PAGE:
Hua Mei Bird Garden 
Hidden in Sara D. Roosevelt Park, just south of Delancey Street, is a community garden home to an unexpected scene: dozens of songbirds lined up in bamboo cages. Every morning, this section of the park is frequented by elderly Chinese men who collect the birds as pets. Various types of birds, including the grayish-yellowish hua mei, the most popular songbird in China, sing out their tunes to welcome the day.

Katz's Deli
Okay, not so much an insider landmark, but certainly one where you'll see just as many native New Yorkers as out-of-towners. On the corner of Houston and Ludlow Streets, Katz's is home to the most famous sandwiches in town—in a town that takes its sandwiches seriously. The Jewish kosher style delicatessen dates back to 1888, and served as a major community hub for immigrants on the Lower East Side in the early 20th century. People still flock there for pastrami sandwiches, hot dogs, and to dare each other to reenact that scene from When Harry Met Sally....

LOWER EAST SIDE Parks & Recreation

East River Park (45.9 acres)

The East River Park owes its existence to the FDR Drive (the main thoroughfare running N-S on the east side of Manhattan) and, more specifically, to Robert Moses, the road's chief architect. Moses wanted to take advantage of the vast construction project to incorporate some more green space into the City. To do so, he needed to actually expand the coast of the City, which he did with a 10-foot concrete extension. The resulting Park is a great mix of active and passive spaces with everything from basketball courts to BBQ areas to fitness stations. It's the largest park on the east coast of the city and a great place for those looking for a workout or just a leisurely stroll.

Hamilton Fish Park (4.3 acres)

Hamilton Fish Park is best known for its enormous pool which serves as an oasis for local children on hot summer days. The original pool was constructed at the height of the Great Depression by the WPA, in an effort to keep up morale and put people to work. The Park has undergone major facelifts over the years with the addition of basketball and handball courts, playgrounds, and reinvigorated landscpaing, but the pool remains the main attraction for parkgoers.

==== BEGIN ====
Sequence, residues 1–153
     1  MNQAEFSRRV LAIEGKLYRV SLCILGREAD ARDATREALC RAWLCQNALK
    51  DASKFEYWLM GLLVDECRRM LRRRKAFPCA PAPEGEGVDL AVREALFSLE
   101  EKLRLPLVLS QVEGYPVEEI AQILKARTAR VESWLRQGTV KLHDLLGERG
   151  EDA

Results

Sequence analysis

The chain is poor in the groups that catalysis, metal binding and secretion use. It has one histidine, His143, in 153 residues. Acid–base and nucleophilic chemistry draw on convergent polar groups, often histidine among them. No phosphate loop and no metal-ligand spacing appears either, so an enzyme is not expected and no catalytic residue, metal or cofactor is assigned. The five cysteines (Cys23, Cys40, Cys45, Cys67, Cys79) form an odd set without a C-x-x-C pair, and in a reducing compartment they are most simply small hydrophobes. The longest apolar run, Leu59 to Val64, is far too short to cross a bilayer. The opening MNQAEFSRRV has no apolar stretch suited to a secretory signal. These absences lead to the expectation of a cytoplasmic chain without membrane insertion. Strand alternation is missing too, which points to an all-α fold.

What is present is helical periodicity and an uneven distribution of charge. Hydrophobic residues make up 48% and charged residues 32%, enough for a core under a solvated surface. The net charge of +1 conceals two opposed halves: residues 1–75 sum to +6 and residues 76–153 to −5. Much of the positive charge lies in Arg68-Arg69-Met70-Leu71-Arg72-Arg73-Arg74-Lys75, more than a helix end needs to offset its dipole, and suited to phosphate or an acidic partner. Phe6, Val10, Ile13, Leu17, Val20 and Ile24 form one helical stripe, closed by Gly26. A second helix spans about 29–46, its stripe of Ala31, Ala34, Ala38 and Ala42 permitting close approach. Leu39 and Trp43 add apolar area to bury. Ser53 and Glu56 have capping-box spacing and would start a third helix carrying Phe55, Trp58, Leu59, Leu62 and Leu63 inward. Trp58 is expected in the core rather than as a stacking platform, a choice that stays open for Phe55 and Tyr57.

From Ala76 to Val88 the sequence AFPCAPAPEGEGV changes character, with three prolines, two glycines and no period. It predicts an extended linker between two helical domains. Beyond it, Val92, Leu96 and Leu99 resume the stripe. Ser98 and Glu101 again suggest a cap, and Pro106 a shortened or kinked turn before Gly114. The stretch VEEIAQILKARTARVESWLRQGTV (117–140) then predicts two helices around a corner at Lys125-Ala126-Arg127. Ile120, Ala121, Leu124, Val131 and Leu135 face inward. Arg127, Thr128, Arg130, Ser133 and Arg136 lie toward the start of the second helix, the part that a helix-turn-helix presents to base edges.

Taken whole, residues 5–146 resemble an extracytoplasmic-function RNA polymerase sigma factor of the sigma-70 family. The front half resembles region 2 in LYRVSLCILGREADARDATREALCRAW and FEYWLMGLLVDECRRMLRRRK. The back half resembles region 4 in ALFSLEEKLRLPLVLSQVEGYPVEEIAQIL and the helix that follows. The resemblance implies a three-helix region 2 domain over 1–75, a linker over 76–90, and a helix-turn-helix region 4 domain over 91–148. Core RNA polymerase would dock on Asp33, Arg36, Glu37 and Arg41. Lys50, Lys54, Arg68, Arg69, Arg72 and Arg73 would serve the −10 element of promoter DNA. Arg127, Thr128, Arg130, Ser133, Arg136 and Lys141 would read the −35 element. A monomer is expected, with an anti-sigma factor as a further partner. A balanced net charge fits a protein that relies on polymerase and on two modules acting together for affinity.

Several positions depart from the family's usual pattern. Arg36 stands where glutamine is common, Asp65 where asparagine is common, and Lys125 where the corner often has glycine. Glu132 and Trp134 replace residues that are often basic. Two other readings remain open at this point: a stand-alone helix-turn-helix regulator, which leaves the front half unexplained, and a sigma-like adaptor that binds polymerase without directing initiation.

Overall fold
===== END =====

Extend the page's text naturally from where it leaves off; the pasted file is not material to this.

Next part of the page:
Sara Delano Roosevelt Park (7.9 acres)

There are a lot of NYC parks named after presidents (Teddy Roosevelt, John Madison, and George Washington to name a few), but Sara Delano Roosevelt Park holds the distinction of being the the only park named after a president's mother. Since its inception in 1934, SDR Park has been a welcome green space in an area otherwise dominated by concrete. The Park is definitely intended for play with a soccer field, volley ball and basketball courts, and a playground that was called "America's finest playground" when the Park first opened.

Seward Park (3.1 acres)

All over Seward Park, there are features that pay tribute to its past. The Park was originally developed by a group of private citizens called the Outdoor Recreation League, who were committed to providing spaces for children to play other than the crowded streets. The group developed a playground on what was previously condemned land and the playground stood for nearly fifty years before the Park was refurbished in the 1940's. In the 1990's, the Park was again renovated, this time restoring many of its original features. The Park also pays homage to its namesake William Seward, who is best known for his purchase of Alaska from Russia. The Park features a seal fountain, Mt. McKinley play space, and a sled dog statue. 


Lower East Side Cost of Living